Dear Dr. Kinnamon:
If the many Christians who oppose the building of the Cordoba House and Mosque near the WTC-site are like me, they do not appreciate your accusations of bigotry, narrow-mindedness, and ignorance. They may suspect that it is you who are the ignorant one, denying to yourself and to others the actual agenda behind the building of the mosque and the ultimate effect that it is likely to have: it will not be seen as an expression of pluralistic harmony, but as an expression of triumph.
Your story about Salman Hamdani is touching, but his murder by Islamic terrorists does not lend plausibility to the idea that there is a need for a mosque near the site of the WTC. Imagine a world in which the situation was different: suppose that a group of violent and murderous men, calling themselves Christians, had blown up the tomb of Muhammad on Sept, 11, 2001, and that now a group of Christians was proposing to build a very large church building near the hole in the ground where Muhammad’s tomb used to be? I don’t think that noticing that some Christians were killed in the explosion would convince the local Muslims in Medina that such a proposal is a great idea.
The government of Saudi Arabia would not allow such a building to be built – or any house of worship with a Christian cross on its steeple. Facts such as that one melt your optimistic appraisal of Islamic tolerance under the harsh lamp of reality. Before I consider your insulting charge that opposition to the construction of a mosque near the site of the WTC is fostered by “narrow-minded intolerance” (as if a person becomes intolerant by observing that freedom of religion does not imply a right to build a house of worship anywhere at all), please show me your statements about how the laws of Saudi Arabia are fostered by narrow-minded intolerance.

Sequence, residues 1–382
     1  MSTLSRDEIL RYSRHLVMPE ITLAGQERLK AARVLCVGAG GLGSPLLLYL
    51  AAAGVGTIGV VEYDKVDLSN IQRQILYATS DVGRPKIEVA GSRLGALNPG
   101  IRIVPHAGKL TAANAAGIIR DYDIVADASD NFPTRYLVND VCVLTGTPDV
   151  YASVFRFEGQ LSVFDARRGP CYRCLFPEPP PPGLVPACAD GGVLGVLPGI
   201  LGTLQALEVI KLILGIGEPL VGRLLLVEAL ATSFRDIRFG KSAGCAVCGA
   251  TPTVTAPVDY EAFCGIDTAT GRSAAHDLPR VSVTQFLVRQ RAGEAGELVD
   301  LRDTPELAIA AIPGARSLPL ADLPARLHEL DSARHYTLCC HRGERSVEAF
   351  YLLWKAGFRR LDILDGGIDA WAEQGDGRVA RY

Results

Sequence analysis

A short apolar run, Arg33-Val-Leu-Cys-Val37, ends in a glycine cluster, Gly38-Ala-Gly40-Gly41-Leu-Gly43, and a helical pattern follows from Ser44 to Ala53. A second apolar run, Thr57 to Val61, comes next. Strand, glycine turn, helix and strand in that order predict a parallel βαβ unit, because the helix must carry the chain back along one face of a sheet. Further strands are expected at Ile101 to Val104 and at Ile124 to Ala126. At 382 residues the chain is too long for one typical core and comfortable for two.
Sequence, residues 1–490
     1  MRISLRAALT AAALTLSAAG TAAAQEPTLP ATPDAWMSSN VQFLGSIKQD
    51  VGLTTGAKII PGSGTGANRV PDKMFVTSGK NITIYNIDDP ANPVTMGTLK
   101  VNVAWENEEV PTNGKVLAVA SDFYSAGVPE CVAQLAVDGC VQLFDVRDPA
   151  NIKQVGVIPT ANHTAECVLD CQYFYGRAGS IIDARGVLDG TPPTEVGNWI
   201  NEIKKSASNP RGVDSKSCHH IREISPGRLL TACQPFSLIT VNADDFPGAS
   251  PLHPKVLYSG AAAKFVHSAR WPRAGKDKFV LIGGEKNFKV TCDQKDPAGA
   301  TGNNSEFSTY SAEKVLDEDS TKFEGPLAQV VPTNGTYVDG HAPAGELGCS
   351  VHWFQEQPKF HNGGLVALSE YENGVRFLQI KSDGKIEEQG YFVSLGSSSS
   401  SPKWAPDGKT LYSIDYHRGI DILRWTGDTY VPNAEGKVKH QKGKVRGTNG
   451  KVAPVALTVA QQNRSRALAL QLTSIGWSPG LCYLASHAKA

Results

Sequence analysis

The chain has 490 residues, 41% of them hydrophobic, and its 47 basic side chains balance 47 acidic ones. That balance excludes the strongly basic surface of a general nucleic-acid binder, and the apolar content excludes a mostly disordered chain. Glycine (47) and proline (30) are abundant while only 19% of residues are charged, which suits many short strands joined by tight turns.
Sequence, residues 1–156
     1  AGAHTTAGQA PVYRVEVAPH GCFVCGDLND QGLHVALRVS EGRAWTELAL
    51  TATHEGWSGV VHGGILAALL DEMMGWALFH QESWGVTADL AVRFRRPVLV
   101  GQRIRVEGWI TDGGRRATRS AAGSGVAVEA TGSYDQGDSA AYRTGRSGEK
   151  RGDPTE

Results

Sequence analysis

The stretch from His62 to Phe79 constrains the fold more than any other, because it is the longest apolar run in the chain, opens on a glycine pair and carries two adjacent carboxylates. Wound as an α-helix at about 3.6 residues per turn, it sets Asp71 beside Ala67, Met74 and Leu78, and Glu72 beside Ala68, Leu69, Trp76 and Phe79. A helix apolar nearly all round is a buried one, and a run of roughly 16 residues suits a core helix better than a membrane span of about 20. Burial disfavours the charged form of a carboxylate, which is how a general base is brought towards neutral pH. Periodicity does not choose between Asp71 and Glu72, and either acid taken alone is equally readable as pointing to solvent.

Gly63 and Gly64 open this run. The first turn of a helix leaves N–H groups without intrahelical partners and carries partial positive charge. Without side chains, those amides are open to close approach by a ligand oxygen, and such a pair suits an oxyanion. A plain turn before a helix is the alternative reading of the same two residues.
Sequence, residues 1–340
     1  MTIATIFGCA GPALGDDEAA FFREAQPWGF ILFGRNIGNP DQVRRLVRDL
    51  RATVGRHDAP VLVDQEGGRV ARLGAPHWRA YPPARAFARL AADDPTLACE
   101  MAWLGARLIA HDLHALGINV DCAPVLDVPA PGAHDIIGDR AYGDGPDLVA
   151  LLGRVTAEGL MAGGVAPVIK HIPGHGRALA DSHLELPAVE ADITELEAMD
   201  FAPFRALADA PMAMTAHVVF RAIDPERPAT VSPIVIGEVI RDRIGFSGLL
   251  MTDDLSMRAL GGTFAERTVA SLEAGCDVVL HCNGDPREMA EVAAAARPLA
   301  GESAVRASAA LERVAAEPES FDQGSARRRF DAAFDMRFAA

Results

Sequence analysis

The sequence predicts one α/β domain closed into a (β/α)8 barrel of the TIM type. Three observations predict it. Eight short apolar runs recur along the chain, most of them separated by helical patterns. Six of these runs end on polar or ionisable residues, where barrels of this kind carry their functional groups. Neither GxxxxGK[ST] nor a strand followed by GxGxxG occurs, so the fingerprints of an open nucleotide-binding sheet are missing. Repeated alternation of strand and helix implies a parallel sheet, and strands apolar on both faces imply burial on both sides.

Jesus Christ our Lord did indeed call us to “Love your neighbor as yourself,” affirming Leviticus 19:18. Somehow I doubt that he expected his disciples to interpret that to mean that if the Romans built a large temple to Zeus near the ruins of an important synagogue that other Romans – a small minority of Romans who misconstrued their orders – had demolished, this would be a great step forward for pluralistic harmony. He would probably perceive that Romans would gloat about it, and Jews would resent it. Similarly in our times, love for our neighbors does not necessarily induce the approval of a large mosque near the WTC-site. It is possible to love Muslims, and to be realistic about the culturally aggressive nature of Islam, and about the high probability that a mosque such as the planned Cordova Mosque near the WTC site will be interpreted by Muslims and non-Muslims as an expression of triumph, and as vindication of the attack, ultimately eroding the tolerance and harmony that you seek to promote.
I completely reject the misguided invitation from the National Council of Churches to support the construction of the Cordoba House and Mosque.
Yours in Christ,
James Snapp, Jr.
Minister, Curtisville Christian Church